Austrian Foreign Minister Sebastian Kurz and Austrian Minister of Defense, Hans Peter Doskozil, have announced they are considering an Austrian military mission along the Balkan refugee route. This announcement made on Friday marks an escalation in the already precarious situation for refugees in the Balkans.

While there are no details yet on the plans to send Austrian soldiers to Serbia and Macedonia, both Kurz and Doskozil have made it clear that the military’s job will not be a humanitarian mission.

Austrian soldiers are supposed to assist Serbian and Macedonian forces to guard their respective borders against refugees. In other words: They are supposed to deter people fleeing wars back home from seeking safety in Austria.

This is an escalation in a situation already characterized by need, hunger, helplessness and despair – and European countries‘ inability and sometimes outright refusal to provide safe havens for refugees and the EU’s feeble efforts to provide for any joint crisis management.

Beyond providing no help of any kind to refugees, Kurz’s and Doskozil’s announcement also sends a dangerous message: That refugees are to be considered a threat to (national) security only to be countered by military action.

Furthermore, as a refugee helper from the Balkans has told me, this step will give rise to speculations about EU plans to set up long term camps in Balkan countries who like Greece are already struggling with the situation, given next to no help by EU countries to feed and shelter refugees.

It isn’t hard to imagine that such camps will destabilize the region while rich European countries like Austria are spared the burden they could shoulder much more easily than Serbia, Macedonia, Greece or Croatia.

This is the people the Austrian government considers sending soldiers against.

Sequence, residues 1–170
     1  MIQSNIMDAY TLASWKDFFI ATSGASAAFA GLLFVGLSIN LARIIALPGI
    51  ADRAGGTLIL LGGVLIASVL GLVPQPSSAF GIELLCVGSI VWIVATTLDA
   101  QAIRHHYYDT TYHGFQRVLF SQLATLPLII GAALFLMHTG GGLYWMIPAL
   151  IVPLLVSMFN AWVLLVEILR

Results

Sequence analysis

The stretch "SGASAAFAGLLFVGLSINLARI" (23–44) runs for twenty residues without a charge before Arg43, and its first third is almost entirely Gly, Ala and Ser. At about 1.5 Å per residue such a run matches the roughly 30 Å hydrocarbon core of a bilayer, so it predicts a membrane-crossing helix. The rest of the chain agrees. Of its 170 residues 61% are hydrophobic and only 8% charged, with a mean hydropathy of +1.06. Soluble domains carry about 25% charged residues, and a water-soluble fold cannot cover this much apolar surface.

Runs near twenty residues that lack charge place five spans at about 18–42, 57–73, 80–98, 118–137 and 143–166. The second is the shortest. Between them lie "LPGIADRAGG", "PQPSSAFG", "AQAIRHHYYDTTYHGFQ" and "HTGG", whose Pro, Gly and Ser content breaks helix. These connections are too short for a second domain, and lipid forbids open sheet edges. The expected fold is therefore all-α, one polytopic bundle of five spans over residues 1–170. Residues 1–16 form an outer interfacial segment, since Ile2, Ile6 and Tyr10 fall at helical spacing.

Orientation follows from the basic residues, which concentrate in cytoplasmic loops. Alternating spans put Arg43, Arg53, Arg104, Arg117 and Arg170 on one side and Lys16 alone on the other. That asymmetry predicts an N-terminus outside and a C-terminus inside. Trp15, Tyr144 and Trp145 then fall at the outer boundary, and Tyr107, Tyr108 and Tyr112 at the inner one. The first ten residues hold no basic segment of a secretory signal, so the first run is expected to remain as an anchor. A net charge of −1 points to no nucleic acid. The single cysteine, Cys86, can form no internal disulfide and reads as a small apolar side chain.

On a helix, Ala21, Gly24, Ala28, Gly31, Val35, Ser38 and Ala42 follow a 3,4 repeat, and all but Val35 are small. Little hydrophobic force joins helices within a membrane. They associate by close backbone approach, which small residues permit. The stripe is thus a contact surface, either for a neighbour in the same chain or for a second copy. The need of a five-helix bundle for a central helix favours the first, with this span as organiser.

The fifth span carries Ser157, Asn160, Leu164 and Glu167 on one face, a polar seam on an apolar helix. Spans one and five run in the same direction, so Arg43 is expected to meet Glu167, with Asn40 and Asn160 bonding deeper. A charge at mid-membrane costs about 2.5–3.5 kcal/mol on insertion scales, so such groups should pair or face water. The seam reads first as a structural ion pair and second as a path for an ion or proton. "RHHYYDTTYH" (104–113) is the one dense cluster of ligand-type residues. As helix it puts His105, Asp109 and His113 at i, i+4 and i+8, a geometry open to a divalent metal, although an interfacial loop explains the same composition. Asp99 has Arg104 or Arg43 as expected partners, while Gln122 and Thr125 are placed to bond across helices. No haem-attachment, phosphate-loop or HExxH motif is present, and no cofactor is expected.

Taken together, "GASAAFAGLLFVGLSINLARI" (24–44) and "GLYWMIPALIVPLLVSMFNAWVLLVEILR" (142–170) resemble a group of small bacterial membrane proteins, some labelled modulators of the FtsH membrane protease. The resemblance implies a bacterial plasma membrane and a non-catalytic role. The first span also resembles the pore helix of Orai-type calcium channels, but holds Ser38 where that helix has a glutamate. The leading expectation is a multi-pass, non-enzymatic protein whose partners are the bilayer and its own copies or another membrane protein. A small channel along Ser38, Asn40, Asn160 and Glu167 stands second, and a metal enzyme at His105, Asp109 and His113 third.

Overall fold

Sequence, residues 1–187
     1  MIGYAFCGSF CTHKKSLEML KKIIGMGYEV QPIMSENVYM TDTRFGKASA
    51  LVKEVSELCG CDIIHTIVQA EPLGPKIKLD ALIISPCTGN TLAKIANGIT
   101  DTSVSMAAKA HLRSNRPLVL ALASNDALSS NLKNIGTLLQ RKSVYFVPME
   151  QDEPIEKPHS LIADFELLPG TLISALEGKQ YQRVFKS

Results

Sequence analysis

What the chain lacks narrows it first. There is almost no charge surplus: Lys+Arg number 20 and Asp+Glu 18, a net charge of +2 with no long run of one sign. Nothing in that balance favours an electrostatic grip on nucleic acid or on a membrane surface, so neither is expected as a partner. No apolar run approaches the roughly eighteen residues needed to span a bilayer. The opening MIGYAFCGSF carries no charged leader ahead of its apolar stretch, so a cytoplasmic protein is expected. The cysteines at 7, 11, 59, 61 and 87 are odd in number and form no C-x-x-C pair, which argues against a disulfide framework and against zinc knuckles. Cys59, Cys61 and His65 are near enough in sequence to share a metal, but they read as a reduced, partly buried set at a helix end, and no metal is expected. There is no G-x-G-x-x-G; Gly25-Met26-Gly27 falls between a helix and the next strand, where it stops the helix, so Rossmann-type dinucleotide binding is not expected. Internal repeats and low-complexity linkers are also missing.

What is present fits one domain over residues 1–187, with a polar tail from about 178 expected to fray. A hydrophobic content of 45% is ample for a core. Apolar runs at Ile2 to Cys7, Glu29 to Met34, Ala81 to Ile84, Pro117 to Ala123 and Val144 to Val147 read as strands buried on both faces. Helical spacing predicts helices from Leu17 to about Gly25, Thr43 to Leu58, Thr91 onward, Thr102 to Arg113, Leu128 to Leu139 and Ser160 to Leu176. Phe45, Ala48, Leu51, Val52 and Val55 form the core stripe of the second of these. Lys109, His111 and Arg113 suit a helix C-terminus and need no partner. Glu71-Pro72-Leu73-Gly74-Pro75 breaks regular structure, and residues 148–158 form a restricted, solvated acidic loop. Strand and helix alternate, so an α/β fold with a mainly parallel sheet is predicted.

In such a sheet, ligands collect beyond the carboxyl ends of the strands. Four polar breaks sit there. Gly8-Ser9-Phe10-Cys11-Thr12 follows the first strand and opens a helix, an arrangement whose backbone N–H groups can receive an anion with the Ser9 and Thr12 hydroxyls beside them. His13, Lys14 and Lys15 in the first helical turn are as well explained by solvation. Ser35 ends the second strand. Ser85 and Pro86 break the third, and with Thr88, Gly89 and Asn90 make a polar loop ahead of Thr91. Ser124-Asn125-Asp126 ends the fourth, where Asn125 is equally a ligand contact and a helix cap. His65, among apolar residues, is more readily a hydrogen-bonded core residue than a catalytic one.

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A mother and a daughter from Syria who just arrived on the Greek Island of Lesvos. Photo: (c) Betty Martin

 

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A cemetery for refugees on Lesvos, most of whom have drowned trying to reach the island. Some of the tombstones mark the graves of children. Photo: (c) Betty Martin

 

Refugees in Preševo, Serbia. Photo: (c) Jim Marshall
Refugees in Preševo, Serbia. Photo: (c) Jim Marshall
Greek authorities are struggling to provide adequate shelter as other EU countries do not provide enough aid and leave Greece to deal with the Situation on ist own. Photo: (c) Betty Martin
Greek authorities are struggling to provide adequate shelter as other EU countries do not provide enough aid and leave Greece to deal with the situation on its own. Photo: (c) Betty Martin
Waiting for transport in Croatia. Photo: (c) Jim Marshall
Waiting for transport in Croatia. Photo: (c) Jim Marshall
Along the Balkan route in Croatia. Photo: (c) Jim Marshall
Along the Balkan route in Croatia. Photo: (c) Jim Marshall
Refugee camp in Šid, Serbia Photo: (c) Jim Marshall
Refugee camp in Šid, Serbia Photo: (c) Jim Marshall

Title photograph: Refugee boy in Tovarnik, Croatia (c) Jim Marshall